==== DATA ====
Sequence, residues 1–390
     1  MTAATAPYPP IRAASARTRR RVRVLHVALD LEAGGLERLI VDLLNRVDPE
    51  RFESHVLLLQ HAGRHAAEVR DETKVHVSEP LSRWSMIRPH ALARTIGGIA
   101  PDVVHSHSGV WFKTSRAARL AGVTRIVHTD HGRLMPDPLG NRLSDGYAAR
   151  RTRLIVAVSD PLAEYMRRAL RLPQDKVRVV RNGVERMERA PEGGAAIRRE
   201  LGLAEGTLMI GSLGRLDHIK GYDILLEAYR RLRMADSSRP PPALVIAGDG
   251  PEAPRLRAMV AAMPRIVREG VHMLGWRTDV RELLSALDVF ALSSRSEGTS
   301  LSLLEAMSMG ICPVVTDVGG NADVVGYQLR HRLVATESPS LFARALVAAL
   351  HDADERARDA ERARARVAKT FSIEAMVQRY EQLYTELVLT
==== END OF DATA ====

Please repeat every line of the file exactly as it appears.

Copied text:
Sequence, residues 1–390
     1  MTAATAPYPP IRAASARTRR RVRVLHVALD LEAGGLERLI VDLLNRVDPE
    51  RFESHVLLLQ HAGRHAAEVR DETKVHVSEP LSRWSMIRPH ALARTIGGIA
   101  PDVVHSHSGV WFKTSRAARL AGVTRIVHTD HGRLMPDPLG NRLSDGYAAR
   151  RTRLIVAVSD PLAEYMRRAL RLPQDKVRVV RNGVERMERA PEGGAAIRRE
   201  LGLAEGTLMI GSLGRLDHIK GYDILLEAYR RLRMADSSRP PPALVIAGDG
   251  PEAPRLRAMV AAMPRIVREG VHMLGWRTDV RELLSALDVF ALSSRSEGTS
   301  LSLLEAMSMG ICPVVTDVGG NADVVGYQLR HRLVATESPS LFARALVAAL
   351  HDADERARDA ERARARVAKT FSIEAMVQRY EQLYTELVLT